1. Standard memberadam warlock
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    06 Jan '08 21:44
    In this forum certain physical theories and its implications are discussed a lot. Quantum mechanics, thermodynamics, spetial relativity are the ones I see the most and most of the time the level of the discussion is frightening.

    I really think people should a little bit more of what they are discussing before discussing it. The argument that this is only a public forum and people can speculate is wrong. People that are related to these areas speculate everyday but they do it in a responsible way. Science is always about what you know and trying to figure out new things. And figuring out new things is based on speculation. That the only difference is that in the later case we see a reponsible speculation. Not just some word throwing around like I see in here.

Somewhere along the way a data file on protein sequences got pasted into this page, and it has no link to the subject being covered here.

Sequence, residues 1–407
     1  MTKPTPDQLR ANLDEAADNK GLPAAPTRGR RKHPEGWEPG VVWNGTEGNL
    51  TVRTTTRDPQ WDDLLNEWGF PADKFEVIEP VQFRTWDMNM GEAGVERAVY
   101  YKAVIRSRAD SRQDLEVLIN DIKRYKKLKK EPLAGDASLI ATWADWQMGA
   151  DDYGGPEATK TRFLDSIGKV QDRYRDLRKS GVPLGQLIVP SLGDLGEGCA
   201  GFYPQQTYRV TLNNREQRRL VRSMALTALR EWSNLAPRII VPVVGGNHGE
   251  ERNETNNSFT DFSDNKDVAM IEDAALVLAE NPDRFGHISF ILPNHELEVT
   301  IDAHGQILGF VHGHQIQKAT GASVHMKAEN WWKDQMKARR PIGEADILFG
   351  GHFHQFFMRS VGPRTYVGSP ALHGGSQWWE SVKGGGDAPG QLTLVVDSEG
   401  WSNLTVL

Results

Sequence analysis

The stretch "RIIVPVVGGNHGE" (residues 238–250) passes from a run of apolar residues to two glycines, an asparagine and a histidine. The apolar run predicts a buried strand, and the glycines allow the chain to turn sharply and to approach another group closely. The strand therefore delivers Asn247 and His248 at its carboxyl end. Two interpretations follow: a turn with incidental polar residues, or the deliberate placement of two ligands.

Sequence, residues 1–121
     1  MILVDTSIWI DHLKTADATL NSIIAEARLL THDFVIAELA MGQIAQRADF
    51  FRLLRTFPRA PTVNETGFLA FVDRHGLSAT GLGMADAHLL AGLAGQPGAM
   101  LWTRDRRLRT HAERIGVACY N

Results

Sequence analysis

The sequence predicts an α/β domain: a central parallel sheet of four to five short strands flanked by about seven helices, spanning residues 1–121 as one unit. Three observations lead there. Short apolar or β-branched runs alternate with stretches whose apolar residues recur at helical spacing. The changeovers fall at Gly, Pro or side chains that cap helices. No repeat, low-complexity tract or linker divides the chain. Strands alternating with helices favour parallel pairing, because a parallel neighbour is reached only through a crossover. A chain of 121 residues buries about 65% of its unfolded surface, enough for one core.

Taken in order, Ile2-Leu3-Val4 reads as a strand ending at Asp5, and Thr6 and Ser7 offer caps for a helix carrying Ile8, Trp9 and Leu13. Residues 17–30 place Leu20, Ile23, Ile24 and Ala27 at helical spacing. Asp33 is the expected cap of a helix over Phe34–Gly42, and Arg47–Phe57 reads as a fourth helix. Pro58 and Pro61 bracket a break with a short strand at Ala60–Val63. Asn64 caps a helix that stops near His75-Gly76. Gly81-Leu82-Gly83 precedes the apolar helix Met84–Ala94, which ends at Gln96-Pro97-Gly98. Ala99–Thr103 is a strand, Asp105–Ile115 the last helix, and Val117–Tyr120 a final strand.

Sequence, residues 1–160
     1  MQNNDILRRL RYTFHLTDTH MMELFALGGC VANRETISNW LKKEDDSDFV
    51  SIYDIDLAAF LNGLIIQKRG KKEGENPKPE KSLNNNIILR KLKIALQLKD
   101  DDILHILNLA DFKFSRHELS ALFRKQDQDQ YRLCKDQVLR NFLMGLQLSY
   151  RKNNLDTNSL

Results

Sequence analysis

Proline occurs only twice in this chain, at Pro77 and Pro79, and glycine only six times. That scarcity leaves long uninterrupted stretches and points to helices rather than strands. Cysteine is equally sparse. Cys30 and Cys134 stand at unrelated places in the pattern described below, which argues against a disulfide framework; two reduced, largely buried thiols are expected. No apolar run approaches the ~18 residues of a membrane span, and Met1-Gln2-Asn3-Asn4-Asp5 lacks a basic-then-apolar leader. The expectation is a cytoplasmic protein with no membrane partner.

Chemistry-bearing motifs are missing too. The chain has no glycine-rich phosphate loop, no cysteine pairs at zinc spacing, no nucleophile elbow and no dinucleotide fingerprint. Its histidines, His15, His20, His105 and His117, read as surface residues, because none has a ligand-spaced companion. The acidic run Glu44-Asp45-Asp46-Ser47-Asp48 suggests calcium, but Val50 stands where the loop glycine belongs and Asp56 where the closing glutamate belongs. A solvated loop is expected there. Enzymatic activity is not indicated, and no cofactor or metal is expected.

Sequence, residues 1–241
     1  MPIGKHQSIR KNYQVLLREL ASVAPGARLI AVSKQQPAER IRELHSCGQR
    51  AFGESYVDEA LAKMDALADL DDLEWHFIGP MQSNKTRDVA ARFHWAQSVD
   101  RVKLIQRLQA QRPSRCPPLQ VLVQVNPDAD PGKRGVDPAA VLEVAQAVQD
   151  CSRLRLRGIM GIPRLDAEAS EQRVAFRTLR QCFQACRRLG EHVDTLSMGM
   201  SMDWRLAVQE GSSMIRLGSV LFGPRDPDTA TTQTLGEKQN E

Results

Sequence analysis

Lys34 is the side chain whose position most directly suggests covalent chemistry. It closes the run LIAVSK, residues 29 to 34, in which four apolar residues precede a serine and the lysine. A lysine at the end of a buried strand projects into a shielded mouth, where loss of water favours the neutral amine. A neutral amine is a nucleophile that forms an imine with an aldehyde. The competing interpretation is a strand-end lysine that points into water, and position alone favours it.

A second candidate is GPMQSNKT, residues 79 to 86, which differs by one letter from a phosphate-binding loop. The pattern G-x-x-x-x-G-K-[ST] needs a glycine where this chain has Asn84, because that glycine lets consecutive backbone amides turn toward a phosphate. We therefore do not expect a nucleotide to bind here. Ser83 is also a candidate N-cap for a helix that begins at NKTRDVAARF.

The thing is that for most of the subjects people argue about in here they could do it in a responsible way if just they did a little bit of research beforehand, then thought about it and only then they should discuss it. Please don't get wrong idea from this but I really think this could be much more enjoyable and benefiotial than the usual way. If I'm wrong than I'm wrong.

    That being said I founf this video today and found it amusing and enlightening: It's about an hour long and if you like this type of things and have the time to see it then see it.

    If in the future I see another video that I consider to be pedagogical I'll post it here too.